On August 27th, New York Times reporter Matt Richtel published an article entitled “This Teen Was Prescribed 10 Psychiatric Drugs: She’s Not Alone.” The article begins as an honest indictment of psychiatry’s rising irresponsible practice of over prescribing multiple powerful drugs for teens struggling with anxiety, depression and other behavioral disorders. Richtel states the problem clearly.
“Many psychiatric drugs commonly prescribed to adolescents are not approved for people under 18. And they are being prescribed in combinations that have not been studied for safety or for their long-term impact on the developing brain.” The practice of prescribing multiple psychiatric drugs, known as polypharmacy, to any given patient has “gone mainstream.”
Many of these drugs, such as the entire class of selective serotonin reuptake inhibitors, or SSRIs, carry black box warnings. Because psychiatry has never proven itself as an exact science, physicians frequently experiment by switching drugs, prescribing drugs for conditions they were not licensed for, and combining drugs into highly toxic cocktails. The Times article documents several cases where young adults were taking 9 and 10 drugs simply for a diagnosis of anxiety and depression. In practice, psychiatry is largely based on guesswork rather than empirical evidence.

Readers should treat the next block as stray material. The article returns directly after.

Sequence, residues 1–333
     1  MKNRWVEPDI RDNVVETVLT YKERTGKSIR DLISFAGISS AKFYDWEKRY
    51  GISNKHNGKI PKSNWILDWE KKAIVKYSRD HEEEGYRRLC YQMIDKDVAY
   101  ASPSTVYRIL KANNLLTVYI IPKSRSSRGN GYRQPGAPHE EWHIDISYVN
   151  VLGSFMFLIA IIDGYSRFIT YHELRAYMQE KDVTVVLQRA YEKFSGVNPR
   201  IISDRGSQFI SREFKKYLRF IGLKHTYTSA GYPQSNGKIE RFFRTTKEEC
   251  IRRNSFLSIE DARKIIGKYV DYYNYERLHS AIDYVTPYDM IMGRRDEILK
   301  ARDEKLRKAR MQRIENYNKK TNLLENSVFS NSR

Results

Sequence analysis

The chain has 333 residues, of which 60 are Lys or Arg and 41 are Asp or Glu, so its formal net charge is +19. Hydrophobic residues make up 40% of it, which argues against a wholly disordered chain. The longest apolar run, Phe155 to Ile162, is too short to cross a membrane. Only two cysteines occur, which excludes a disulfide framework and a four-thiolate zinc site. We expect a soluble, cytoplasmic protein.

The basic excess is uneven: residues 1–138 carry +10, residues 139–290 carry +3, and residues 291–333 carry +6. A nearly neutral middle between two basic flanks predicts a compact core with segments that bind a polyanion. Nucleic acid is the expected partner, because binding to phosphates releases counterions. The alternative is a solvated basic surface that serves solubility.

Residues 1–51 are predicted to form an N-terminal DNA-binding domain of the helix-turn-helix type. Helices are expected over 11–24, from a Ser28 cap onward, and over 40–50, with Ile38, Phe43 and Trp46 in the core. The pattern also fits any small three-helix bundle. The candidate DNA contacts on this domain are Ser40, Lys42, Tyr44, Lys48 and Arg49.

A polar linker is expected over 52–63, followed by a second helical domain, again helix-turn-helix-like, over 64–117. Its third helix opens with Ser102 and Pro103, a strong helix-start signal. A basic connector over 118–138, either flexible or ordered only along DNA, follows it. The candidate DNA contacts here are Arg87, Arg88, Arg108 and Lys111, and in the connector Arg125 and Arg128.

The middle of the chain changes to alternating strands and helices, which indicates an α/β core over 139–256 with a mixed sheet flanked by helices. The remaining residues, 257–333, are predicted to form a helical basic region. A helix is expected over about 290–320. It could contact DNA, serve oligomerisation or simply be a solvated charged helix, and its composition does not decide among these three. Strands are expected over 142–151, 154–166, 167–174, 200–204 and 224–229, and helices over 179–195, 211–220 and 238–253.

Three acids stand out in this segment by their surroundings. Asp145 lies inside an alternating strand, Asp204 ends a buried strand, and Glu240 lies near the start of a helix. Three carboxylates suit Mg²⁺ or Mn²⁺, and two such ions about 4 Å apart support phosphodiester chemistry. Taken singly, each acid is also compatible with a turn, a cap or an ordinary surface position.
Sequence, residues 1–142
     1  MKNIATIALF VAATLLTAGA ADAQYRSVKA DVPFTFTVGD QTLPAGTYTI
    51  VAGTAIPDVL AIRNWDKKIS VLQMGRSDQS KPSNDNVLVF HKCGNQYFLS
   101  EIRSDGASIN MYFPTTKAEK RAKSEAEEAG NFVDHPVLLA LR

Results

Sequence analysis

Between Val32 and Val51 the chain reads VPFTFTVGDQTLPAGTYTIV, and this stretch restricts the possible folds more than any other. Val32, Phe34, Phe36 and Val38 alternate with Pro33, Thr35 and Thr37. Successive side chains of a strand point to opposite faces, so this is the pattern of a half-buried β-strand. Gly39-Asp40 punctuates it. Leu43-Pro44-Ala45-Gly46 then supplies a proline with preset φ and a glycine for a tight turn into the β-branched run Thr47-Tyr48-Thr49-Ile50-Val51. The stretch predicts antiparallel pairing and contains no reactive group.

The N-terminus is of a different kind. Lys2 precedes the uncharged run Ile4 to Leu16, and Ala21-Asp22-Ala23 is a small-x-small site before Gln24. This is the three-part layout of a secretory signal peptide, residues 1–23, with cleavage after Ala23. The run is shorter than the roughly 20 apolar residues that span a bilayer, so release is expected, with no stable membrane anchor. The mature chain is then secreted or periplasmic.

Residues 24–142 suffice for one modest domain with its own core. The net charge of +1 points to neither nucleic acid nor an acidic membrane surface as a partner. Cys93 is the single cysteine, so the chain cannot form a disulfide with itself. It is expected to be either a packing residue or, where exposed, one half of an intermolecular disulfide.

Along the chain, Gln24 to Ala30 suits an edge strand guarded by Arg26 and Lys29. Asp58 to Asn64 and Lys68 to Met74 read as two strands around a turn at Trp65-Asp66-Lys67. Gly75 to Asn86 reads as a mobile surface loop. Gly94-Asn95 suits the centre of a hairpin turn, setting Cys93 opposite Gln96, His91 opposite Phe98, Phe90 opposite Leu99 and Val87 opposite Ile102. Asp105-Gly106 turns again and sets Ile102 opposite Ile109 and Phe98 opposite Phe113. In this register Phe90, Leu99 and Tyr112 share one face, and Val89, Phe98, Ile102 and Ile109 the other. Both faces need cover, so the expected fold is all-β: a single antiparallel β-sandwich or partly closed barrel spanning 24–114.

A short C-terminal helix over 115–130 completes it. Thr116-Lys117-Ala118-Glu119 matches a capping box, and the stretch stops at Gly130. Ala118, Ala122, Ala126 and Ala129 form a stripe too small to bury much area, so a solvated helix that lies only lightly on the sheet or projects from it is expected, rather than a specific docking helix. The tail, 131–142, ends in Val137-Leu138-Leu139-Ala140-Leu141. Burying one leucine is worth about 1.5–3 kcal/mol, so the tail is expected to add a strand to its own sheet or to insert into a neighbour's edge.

Admirably, Richtel’s article identifies a crucial problem in modern psychiatric practice for treating common mental disorders. However it suffers from the sin of omission. It fails to specifically identify the nature of the teen’s suffering from polypharmacy practice.
Nor does Richtel mention that these drugs commonly cause the very mental illnesses they are prescribed to relieve. He also fails to mention that the entire Chemical Imbalance Theory upon which psychiatric medication for depression is based remains unproven. As we will explore in detail, the theory may be completely erroneous as a fundamental tenet for treating such disorders with drugs.
Richtel’s omissions are no surprise. The New York Times and the National Institute of Mental Health that the newspaper writes on behalf of has lost all credibility for promoting blatant psychiatric quackery. Having been one of the nation’s loudest media cheerleaders for US military interventions in the Middle East, when did the Times ever take responsibility for accurately reporting on the high rates of suicide among military personnel due to the overprescribing of psychiatric medications? It is now well established that SSRIs contribute to suicidal and homicidal ideation. This was the reason for the CDC slapping a black box warning on SSRIs. By omitting the most important facts regarding the failures of SSRIs and other psychopharmaceutical drugs, the mainstream media and the entire psychiatric establishment has been manufacturing madness for decades. So where has the Times and the mainstream media been for the past fifty years when reporting the actual cause of anxiety and depression, and offering legitimate criticisms for prescribing SSRIs and other medications.